Totally random silly theory on the evolution of ADHD and anxiety

So I’ve been thinking, please keep in mind this has no real scientific basis it’s just what my brain was thinking when I couldn’t sleep the other night.

Some of the traits often associated with ADHD are impulsiveness, curiosity, thrill-seeking and being easily bored. These traits would have been a double-edged sword to our ancestors, the primitive humans that got bored with their current setup could seek adventure in new places and find new sources of food, new territory and come up with new inventions and innovations. They were also probably more likely to stumble into predators because they wanted to see what was on the other side of the mountain or eat the wrong berries because they looked tasty or set themselves on fire while experimenting.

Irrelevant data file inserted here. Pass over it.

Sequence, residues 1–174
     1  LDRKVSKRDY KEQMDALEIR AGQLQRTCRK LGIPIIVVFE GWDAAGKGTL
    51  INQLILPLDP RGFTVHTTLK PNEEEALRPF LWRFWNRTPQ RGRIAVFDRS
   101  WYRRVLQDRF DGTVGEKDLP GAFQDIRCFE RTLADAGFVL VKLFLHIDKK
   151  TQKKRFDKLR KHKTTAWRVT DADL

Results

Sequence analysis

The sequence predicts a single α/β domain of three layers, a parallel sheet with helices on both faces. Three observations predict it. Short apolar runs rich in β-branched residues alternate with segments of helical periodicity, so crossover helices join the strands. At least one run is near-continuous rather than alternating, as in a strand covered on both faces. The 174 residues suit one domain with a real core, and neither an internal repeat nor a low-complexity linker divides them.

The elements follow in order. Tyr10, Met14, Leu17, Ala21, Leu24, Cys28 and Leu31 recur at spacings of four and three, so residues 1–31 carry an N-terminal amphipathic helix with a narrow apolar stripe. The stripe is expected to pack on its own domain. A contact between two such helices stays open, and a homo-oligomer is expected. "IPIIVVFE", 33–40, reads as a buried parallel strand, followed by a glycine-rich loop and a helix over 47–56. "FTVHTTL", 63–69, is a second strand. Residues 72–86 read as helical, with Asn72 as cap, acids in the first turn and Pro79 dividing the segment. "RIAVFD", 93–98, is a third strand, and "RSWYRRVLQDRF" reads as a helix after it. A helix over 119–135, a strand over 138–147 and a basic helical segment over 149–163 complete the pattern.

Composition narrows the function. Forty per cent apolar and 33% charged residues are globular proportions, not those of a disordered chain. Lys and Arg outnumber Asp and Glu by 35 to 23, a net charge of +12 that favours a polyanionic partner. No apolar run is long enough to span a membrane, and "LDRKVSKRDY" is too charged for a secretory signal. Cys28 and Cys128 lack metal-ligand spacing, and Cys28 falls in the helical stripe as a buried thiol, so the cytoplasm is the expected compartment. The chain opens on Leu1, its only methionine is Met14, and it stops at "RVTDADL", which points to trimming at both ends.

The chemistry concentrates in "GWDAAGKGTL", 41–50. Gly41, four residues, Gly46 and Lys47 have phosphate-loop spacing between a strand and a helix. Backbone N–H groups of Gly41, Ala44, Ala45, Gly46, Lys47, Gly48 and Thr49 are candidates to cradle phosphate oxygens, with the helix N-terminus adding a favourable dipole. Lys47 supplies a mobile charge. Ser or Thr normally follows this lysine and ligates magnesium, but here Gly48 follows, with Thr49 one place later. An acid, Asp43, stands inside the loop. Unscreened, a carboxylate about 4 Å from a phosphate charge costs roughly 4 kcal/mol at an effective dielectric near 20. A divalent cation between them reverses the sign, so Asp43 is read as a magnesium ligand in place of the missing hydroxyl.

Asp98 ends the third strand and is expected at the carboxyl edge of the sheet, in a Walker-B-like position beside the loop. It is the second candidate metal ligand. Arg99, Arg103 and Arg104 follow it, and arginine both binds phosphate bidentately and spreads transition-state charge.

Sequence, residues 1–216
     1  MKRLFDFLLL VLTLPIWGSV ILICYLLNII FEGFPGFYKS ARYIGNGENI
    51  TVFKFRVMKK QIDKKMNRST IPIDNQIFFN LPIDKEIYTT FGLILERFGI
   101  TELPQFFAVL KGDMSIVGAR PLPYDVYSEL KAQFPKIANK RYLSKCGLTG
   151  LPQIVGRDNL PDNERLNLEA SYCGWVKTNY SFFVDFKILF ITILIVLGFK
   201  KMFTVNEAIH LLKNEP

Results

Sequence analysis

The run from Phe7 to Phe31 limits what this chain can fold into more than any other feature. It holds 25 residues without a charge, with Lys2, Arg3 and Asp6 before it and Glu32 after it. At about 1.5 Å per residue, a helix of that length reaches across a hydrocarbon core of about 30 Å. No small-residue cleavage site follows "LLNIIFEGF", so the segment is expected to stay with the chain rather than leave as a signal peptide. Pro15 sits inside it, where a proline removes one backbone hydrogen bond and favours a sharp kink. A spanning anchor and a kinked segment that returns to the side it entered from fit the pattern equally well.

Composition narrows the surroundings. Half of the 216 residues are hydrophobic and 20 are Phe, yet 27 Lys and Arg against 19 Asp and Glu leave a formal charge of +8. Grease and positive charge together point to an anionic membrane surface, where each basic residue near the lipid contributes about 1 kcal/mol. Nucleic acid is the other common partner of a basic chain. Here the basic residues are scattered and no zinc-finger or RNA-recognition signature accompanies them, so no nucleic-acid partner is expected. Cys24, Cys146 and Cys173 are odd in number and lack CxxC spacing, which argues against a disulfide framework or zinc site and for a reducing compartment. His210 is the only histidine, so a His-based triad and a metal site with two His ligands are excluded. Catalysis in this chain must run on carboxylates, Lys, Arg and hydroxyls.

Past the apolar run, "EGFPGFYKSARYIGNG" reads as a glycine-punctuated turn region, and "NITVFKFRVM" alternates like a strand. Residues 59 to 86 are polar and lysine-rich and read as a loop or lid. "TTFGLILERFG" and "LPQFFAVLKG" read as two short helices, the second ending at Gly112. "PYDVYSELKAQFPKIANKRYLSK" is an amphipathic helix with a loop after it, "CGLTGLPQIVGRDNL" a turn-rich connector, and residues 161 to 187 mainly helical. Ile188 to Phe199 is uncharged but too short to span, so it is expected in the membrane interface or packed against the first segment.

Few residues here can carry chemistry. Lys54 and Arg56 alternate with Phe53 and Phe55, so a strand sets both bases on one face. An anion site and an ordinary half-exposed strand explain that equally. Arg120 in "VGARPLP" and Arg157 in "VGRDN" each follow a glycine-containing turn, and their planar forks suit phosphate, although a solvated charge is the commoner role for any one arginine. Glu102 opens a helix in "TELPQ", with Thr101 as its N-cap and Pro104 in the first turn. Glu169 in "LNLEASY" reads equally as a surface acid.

What if the anxiety that sometimes goes hand in hand with ADHD evolved in parallel as sort of a braking system, the stronger the impulse to go do all the exciting stuff the stronger the force needed to reign it in. It might make them a bit more jumpy when they see a bush move or hear a rustling sound and less likely to get eaten than someone with a strong desire to go check out that interesting tree over there and no fear of the big footprints nearby. It was probably really helpful to our primitive ancestors, but without sabertooth tigers all over the place to protect us from it’s manifesting in other ways and messing with our heads.

This is just my silly random thought that occurred to my sleep-deprived brain!


My understanding is that this is exactly the ‘function’ of anxiety as seen with humans and many other kinds of animals. And that such can indeed act as a counterbalance for ADHD brains.

For perspective: two test-taking anxiety techniques I share with my students is to periodically stop and purposely take several long breaths with eyes off the exam, and to bring with them the coldest water possible and drink it during those breaks or whenever feeling very anxious.